They needed more room, as their company was rapidly growing; so they rented the former Cadillac dealership building located on South First Street in Yakima. They added to their inventory a disk furrower, tractor brush rake, trailer for hauling fruit out of the orchard, the Friend Sprayer line and the Mack Truck Line. Business was so good, that in 1927, they purchased a dealership in Wenatchee. Harry moved there to manage its operation. In 1928, they purchased about one and a half acres of property (which grew to about 10 acres) on south third street and built a 150″ x 150″ building that was the first of three sections of the Lindeman Power Equipment building that they stayed in until John Deere purchased them in 1946. After construction of a new building on south third street, they moved the business in 1930, to the new building. They had branch plants in Wenatchee and Ellensburg.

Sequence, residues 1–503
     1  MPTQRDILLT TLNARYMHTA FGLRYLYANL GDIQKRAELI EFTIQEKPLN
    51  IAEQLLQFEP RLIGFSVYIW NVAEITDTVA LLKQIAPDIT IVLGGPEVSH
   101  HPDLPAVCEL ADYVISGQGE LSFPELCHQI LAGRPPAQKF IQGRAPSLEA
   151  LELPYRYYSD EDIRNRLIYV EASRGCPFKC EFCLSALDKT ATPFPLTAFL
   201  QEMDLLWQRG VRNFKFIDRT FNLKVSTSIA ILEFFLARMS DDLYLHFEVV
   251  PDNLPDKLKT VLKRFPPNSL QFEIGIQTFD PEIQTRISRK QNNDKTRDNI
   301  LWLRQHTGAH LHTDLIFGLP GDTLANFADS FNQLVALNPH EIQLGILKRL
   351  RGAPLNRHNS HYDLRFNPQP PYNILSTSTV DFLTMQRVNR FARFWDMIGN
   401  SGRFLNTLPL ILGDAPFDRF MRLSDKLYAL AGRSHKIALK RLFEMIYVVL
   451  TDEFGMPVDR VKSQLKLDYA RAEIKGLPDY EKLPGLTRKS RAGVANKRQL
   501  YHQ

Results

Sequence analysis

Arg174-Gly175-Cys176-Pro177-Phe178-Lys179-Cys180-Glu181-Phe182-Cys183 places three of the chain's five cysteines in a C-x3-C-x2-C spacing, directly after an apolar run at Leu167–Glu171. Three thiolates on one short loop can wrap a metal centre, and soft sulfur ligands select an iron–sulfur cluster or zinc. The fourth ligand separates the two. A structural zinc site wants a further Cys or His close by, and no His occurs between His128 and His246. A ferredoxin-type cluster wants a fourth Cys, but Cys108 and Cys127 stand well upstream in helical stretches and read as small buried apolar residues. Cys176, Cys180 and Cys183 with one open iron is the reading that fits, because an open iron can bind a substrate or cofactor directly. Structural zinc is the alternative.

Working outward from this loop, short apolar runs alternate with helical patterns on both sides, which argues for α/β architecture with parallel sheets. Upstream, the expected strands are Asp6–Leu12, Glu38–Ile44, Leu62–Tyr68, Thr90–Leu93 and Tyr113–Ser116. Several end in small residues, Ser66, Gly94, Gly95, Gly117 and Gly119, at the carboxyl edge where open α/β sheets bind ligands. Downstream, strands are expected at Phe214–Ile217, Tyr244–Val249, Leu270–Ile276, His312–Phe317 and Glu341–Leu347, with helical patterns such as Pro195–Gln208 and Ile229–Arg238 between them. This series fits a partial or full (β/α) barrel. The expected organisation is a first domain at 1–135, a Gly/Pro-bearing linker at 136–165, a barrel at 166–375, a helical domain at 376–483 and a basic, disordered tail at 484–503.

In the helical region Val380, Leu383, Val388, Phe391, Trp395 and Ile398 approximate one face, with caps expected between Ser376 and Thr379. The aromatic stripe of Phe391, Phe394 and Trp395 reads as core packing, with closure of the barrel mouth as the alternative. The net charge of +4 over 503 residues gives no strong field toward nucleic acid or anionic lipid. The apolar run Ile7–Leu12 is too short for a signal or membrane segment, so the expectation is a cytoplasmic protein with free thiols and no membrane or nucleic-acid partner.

At about the same time, Mr. Rollin K. White, who owned and ran Cletrac, began “tinkering” with the design of the tractor. It wasn’t long before they found their service trouble mounting. Also, about then rubber tires appeared to hold some promise for wheel tractors and competition from the Caterpillar 10 and 15 caused them to look into the handling of a wheel tractor. In 1930 Lindeman Power Equipment Company became dealers for John Deere. In April, Harry was coming back from a meeting in Canada. His new car slid off a steep embankment near Chelan, Washington. He died in the crash. This was a high and low year for the company with the high of a new building and becoming a John Deere dealer and the low of losing Harry. A real need for the Yakima area was a low-to-the-ground tractor like the Cletrac to work in the orchards, so they took a John Deere GP Standard and modified it to work.

GPO – Prototype

John Deere took notice and adopted it, eventually it became their GPO Model tractor. The John Deere tractor ran very well on distillate, kerosene, good grade furnace oil, light grade fuel oil, at a cost of about 6 cents per gallon which looked awfully good to the average farmer during the depression period. Jesse had thought a lot about putting tracks on a John Deere, so in 1932 he put a pair of Best tracks and rollers on a John Deere Model D. They had built 3 or 4, when word got back to John Deere.